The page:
The next morning was cool but sunny. Took a moment to get some pictures of the plethora of common Pink Lady Slipper orchids in bloom and other wild flowers.
Bunchberry (the berries are edible but mealy).
Blue-bead lily (Clintonia borealis
) in flower (berries are toxic).
Certainly not a flower (maybe to an engineer or historian) but an odd mechanized remnant. Anybody know what it could be or was a part from (generator?)
After a quick late-morning breakfeast of coffee and instant oatmeal was off down the North River to Clamshell L. Mutt down by the shore.
On the walk down the first portage a female ruffed grouse jumped out feigning an injury. She was trying to distract us from what was surely her nest within a few meters of the trail. She shrieked to get our attention and did the broken wing thing so we gave her a wide berth. I stopped to cast below a few of the 4 portages on the trip down, releasing all small very colourful brookies caught (ranged from 8"-12").
It was a calm day with thick clouds and cool temp, the going was pretty easy. Two female red-breasted mergansers and a blue heron were the only waterfowl we passed.
View upstream from the North River campsite half-way to Clamshell.
Odd structure found in the woods a few portages up from Clamshell L (it's not a flipped table).
The day grew progressively cloudier and I eventually made it to Clamshell later that afternoon. Sounded the lake for a bit to get a feel for her then made camp. Daisies in the fore-ground
After camp was setup and supper made went out to do more sounding and had some time for a bit of fishing. Caught and released a few walleye from her VERY dark waters: 4' visibility and Im being generous.
A small little guy with sharp conical teeth and big eyes. Although I wasn't fishing for smallmouth (season still closed) nor did I see any nests (water clarity a factor) they could be in Clamshell. Fish sp navigating up from Radiant could make it to Clamshell judging by the river stretches in-between. Likely catfish too, but I didn't target them either.
The lake holds a few other surprises - anybody want to guess how deep the lake is? It was getting late so made it back in time to catch the Game 5 on the radio, and listened to it to completion. While sitting out on the open rocks the fireflies across the river were cavorting around on the edge of the forest. But once the pesky no-seeums came out it was time for me to head for the tent.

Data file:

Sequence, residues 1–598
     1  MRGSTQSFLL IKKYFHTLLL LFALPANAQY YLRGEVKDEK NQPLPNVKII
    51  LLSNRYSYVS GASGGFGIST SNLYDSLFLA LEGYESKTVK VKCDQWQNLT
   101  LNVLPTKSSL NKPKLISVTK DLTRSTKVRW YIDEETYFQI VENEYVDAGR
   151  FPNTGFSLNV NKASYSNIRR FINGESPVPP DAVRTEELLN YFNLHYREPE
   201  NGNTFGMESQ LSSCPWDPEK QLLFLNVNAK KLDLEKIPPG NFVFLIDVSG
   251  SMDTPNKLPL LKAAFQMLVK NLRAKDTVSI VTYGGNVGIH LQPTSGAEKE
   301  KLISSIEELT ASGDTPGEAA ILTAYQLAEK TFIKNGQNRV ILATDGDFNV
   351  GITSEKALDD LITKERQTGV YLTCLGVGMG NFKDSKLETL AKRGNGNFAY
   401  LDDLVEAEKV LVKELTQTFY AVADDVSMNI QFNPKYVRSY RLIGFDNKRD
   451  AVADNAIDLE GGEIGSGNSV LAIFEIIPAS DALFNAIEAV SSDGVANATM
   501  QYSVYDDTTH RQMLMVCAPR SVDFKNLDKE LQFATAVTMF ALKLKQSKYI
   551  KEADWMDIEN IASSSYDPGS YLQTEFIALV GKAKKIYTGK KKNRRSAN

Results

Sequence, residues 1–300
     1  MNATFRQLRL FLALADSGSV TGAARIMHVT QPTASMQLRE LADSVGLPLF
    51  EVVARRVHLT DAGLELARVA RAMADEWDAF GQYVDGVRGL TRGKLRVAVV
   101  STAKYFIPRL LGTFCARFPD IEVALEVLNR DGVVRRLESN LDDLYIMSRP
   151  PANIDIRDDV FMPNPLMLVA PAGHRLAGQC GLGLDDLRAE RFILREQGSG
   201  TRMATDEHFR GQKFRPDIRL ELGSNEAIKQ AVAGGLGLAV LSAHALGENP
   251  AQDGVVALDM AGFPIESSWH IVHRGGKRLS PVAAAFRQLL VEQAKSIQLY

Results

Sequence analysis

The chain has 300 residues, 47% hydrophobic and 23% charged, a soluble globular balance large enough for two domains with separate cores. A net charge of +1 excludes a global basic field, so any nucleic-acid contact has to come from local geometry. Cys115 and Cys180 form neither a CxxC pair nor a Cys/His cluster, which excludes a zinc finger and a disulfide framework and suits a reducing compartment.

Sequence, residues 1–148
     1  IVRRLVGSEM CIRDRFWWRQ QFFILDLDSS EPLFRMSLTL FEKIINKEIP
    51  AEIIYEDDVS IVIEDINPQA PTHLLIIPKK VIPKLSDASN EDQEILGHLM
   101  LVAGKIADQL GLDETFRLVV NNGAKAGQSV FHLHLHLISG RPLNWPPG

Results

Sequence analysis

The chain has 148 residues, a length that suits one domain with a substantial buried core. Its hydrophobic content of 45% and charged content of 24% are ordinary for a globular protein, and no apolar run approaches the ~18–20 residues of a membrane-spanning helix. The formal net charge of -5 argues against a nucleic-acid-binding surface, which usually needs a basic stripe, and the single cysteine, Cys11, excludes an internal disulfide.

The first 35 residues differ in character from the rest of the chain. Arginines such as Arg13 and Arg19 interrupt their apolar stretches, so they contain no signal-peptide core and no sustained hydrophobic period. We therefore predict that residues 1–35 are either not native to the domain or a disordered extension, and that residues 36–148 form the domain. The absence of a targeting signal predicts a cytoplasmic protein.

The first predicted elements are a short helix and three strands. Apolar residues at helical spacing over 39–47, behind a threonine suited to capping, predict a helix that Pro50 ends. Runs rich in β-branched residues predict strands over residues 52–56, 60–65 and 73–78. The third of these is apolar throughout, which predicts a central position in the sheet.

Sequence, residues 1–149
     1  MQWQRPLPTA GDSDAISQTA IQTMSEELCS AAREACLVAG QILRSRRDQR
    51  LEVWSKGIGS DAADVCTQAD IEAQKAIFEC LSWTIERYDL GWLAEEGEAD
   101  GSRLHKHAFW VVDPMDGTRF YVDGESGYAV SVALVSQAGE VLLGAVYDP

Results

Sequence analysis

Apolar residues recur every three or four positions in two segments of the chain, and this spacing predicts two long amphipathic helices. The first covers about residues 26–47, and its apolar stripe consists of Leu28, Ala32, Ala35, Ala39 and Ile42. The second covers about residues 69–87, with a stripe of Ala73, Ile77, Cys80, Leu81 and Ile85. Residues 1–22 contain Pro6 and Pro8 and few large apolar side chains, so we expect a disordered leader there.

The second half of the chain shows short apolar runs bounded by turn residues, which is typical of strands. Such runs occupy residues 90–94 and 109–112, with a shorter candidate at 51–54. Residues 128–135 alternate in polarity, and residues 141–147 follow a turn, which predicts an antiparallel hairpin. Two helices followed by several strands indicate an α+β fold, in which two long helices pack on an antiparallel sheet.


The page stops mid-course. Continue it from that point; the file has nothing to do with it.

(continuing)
The next morning the skies were overcast and menacing with winds picking up from the east. I quickly broke camp in anticipation of bad weather and finished sounding the lake.
Another walleye caught and released.
The skies opened up shortly after and for the next 2.5 days it was on again off again showers and winds.
One big fallfish was caught and released before it was time to head to Shoal L.
Made it to Shoal by the early afternoon, a wet Mutt at the portage landing. The short portage between Clamshell/Shoal had a lot of poison ivy growing along her length - be careful.
Spent another few hours sounding Shoal lake, saw this little buck on a point as we approached our campsite. I had hoped to get a better shot as we were downwind of him but as I turned the canoe to get closer he disappeared into the forest cover.
I setup camp, hung the tarp, made some tea and watched the rain and gusts come and go. Found this nice 'relic'(?) - an old style campfire grill, cast iron, a real beautiful item (and very heavy).
Before dinner I went out to catch the protein for the meal, landed 4 more walleye, keeping the smallest one for the pan.